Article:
The situation here is similar. Williams suggested to his supervisor an accommodation of light duty alternatives that included the elimination or reassignment of any heavy lifting (including of all garbage bags), twisting and mopping duties - all of which are central to the job description for the Rest Area Attendant position. This proposed accommodation was a job restructuring whereby Williams sought to have Prospect significantly modify the duties of his Rest Area Attendant position. Williams has acknowledged that he did not know how he would perform the duties of his job, even with the proposed accommodation. (Docket No. 20-1, Williams Dep. p. 63:2-5.) Williams has also testified that, by removing the job functions as part of the proposed restructuring, there would be little left of the Rest Area Attendant job. ( Id. at p. 63:8-10.) Finally, Williams testified that, while he could be present to pick up light garbage on the grounds, another employee would have to handle heavy garbage and many of the other functions of the position, so that the Rest Area Attendant position would necessarily involve (at least) two paid employees instead of one. ( Id. at p. 63:15-22.)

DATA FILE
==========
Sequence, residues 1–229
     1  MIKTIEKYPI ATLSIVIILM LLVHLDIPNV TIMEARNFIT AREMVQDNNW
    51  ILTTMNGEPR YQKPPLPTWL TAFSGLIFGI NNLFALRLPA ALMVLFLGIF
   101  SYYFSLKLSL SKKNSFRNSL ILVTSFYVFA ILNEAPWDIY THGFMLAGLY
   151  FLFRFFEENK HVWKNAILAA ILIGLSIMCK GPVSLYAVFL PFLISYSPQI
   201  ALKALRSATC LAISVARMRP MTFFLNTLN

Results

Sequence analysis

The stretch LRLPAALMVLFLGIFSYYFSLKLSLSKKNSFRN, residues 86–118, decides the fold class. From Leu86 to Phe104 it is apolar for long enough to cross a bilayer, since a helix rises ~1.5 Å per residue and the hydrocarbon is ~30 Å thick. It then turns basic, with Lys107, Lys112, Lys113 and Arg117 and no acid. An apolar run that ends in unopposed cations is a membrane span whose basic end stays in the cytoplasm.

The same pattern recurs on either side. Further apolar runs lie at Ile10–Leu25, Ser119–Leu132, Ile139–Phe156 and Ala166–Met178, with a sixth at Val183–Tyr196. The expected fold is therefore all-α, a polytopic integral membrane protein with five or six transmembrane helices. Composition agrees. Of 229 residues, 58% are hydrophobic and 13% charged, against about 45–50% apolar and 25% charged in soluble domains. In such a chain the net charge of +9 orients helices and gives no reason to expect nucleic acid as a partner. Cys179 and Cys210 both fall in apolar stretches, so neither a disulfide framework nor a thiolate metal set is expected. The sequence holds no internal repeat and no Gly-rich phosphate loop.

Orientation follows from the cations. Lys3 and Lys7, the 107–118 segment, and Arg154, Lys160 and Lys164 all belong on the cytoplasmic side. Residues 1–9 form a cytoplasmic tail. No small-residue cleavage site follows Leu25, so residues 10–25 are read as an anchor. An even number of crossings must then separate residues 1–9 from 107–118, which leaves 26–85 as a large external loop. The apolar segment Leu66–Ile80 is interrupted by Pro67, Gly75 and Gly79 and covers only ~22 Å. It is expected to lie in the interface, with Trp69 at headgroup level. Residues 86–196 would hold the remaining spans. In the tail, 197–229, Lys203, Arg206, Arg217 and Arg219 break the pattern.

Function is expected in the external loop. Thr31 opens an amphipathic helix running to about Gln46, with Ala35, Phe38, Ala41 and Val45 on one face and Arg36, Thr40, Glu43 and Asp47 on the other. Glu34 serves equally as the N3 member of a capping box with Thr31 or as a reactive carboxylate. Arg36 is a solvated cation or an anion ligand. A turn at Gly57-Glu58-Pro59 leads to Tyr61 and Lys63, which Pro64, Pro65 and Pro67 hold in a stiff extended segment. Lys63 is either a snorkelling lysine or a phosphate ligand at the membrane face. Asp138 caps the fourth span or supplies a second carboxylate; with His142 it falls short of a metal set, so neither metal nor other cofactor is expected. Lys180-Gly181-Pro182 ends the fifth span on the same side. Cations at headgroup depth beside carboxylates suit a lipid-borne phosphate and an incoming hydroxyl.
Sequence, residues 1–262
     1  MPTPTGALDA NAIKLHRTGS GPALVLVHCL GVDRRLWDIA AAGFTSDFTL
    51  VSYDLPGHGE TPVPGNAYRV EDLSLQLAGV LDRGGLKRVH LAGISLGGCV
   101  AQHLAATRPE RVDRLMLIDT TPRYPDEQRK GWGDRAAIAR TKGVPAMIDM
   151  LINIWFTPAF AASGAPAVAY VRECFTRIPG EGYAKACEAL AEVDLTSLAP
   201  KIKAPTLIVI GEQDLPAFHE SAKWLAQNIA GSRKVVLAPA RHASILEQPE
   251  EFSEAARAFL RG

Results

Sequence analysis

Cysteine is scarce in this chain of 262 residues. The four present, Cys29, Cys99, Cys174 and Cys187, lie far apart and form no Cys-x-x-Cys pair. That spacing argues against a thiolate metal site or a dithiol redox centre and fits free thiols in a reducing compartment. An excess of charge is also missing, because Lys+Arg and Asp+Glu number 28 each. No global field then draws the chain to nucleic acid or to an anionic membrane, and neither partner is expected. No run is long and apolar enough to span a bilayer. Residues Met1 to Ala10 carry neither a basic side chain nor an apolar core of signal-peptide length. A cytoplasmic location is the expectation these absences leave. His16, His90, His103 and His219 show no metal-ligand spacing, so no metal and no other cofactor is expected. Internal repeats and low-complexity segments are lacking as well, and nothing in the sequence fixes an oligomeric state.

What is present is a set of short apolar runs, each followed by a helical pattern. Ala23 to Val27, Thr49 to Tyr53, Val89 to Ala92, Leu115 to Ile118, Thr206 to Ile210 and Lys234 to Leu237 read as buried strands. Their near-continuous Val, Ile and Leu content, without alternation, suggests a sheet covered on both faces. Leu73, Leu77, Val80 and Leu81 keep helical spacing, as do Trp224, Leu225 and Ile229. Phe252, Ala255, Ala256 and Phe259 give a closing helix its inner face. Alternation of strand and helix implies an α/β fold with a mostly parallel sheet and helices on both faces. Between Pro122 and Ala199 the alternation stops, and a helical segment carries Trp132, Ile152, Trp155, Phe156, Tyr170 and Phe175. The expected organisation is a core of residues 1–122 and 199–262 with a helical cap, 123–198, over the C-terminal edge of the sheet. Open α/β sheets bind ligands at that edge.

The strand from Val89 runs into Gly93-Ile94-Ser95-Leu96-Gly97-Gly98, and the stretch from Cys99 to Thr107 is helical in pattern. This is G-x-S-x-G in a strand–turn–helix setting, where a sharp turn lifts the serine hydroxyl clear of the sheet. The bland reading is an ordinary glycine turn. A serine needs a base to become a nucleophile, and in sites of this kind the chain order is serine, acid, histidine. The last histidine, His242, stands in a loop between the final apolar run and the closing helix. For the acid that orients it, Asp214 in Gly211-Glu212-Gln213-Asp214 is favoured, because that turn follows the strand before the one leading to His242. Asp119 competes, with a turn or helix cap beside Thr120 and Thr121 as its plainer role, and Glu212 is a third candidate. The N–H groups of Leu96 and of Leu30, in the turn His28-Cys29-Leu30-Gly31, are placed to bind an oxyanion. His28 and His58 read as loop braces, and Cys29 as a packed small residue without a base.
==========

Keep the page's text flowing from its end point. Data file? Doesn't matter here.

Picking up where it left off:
The proposed job restructuring in this case is more extensive than the one ruled unreasonable in Bratten. Even Williams conceded at deposition that it would remove a significant number of duties and leave Williams with few duties left to complete. Moreover, Williams conceded that the position would need to be restructured in such a way so that fellow co-workers or a newly hired co-worker could fulfill the duties he was unable to perform.[3] The quantity of duties that Williams seeks to have restructured away to other employees far exceeds the twenty percent in Bratten. The court finds that the proposed accommodation of Williams's job restructuring is not, as plaintiff suggests, merely one of marginal duties, but one of essential functions. Based on that finding, the court concludes that the proposed job restructuring accommodation is unreasonable under the ADA. Prospect was not obligated to offer an accommodation whereby it reallocated essential functions of Williams's Rest Area Attendant position to other employees or created a new light duty position where none existed before.[4]